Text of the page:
Maryland Cop Detains Unarmed Florida Gun Owner and Family for Legally Owning a Gun
Just when you thought Maryland couldn’t be any more hostile toward Second Amendment rights…
John Filippidas, a Florida resident passing through Maryland during a holiday trip, was stopped and harassed by a Maryland police officer for simply owning a gun which Filippidas had left in a safe back home in Florida. The Tampa Tribune reports:
“I know the laws and I know the rules,” Filippidis says. There are, after all, ways gun owners can travel legally with firearms through hostile states. “But I just think it’s a better idea to leave it home.”
So there the Filippidises were on New Year’s Eve eve, southbound on Interstate 95 — John; wife Kally (his Gulf High sweetheart); the 17-year-old twins Nasia and Yianni; and 13-year-old Gina in their 2012 Ford Expedition — just barely out of the Fort McHenry Tunnel into Maryland, blissfully unarmed and minding their own business when they noticed they were being bird-dogged by an unmarked patrol car. It flanked them a while, then pulled ahead of them, then fell in behind them.
“Ten minutes he’s behind us,” John says. “We weren’t speeding. In fact, lots of other cars were whizzing past.”
“You know you have a police car behind you, you don’t speed, right?” Kally adds.
Says John, “We keep wondering, is he going to do something?”
Finally the patrol car’s emergency lights come on, and it’s almost a relief. Whatever was going on, they’d be able to get it over with now. The officer — from the Transportation Authority Police, as it turns out, Maryland’s version of the New York-New Jersey Port Authority — strolls up, does the license and registration bit, and returns to his car.
According to Kally and John (but not MTAP, which, pending investigation, could not comment), what happened next went like this:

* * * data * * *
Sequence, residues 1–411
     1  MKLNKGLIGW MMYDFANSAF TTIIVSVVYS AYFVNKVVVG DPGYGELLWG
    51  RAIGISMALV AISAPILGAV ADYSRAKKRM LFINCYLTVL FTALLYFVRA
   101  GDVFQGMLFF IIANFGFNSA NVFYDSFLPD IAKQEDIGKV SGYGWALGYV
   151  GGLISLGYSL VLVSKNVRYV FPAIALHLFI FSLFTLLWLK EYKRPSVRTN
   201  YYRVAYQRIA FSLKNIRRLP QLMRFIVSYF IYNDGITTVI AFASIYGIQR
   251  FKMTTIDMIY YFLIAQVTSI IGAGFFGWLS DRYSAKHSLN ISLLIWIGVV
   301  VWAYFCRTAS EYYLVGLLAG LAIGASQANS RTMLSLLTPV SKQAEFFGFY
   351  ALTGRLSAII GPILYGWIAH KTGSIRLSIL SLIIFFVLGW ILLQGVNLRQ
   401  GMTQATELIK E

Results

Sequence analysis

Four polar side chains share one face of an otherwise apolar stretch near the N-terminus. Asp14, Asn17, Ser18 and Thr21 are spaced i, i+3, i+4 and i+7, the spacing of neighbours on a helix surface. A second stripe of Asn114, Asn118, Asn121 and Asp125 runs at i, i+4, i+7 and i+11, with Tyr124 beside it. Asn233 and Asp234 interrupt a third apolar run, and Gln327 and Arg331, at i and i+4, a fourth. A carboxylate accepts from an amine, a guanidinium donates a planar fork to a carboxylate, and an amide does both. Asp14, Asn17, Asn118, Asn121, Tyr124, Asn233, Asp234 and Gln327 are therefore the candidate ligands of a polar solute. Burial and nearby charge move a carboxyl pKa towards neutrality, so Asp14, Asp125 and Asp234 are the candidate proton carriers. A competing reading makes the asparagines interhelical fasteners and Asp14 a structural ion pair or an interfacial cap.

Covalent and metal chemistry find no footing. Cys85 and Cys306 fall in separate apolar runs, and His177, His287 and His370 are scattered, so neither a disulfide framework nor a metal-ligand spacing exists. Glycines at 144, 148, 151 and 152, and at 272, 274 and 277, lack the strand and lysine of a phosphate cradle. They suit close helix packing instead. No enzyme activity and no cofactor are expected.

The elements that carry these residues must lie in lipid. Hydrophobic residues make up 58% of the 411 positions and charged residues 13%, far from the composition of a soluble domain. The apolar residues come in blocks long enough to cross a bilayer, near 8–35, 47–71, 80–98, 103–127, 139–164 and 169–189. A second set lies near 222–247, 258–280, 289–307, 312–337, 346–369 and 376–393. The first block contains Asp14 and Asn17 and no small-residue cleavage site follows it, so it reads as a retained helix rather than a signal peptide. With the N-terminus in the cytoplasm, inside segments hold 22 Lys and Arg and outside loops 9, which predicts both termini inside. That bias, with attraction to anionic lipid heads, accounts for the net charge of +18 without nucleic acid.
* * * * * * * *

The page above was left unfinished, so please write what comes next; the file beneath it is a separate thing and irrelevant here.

Ten minutes later he’s back, and he wants John out of the Expedition. Retreating to the space between the SUV and the unmarked car, the officer orders John to hook his thumbs behind his back and spread his feet. “You own a gun,” the officer says. “Where is it?”
“At home in my safe,” John answers.
“Don’t move,” says the officer.
Now he’s at the passenger’s window. “Your husband owns a gun,” he says. “Where is it?”
First Kally says, “I don’t know.” Retelling it later she says, “And that’s all I should have said.” Instead, attempting to be helpful, she added, “Maybe in the glove box. Maybe in the console. I’m scared of it. I don’t want to have anything to do with it. I might shoot right through my foot.”
The officer came back to John. “You’re a liar. You’re lying to me. Your family says you have it. Where is the gun? Tell me where it is and we can resolve this right now.”
The Filippidas family was stopped without cause, detained for nearly two hours while the officer searched their belongings for a gun that John Filippidas legally owned, was licensed to carry, and which was in a safe back in Florida. If the Tribune article accurately describes the incident, the officer engaging in these Gestapo-like tactics deserves to be fired. This is inexcusable behavior.
“All that time, he’s humiliating me in front of my family, making me feel like a criminal,” John says. “I’ve never been to prison, never declared bankruptcy, I pay my taxes, support my 20 employees’ families; I’ve never been in any kind of trouble.”
Face red, eyes shining, John pounds his knees. “And he wants to put me in jail. He wants to put me in jail. For no reason. He wants to take my wife and children away and put me in jail. In America, how does such a thing happen? … And after all that, he didn’t even write me a ticket.”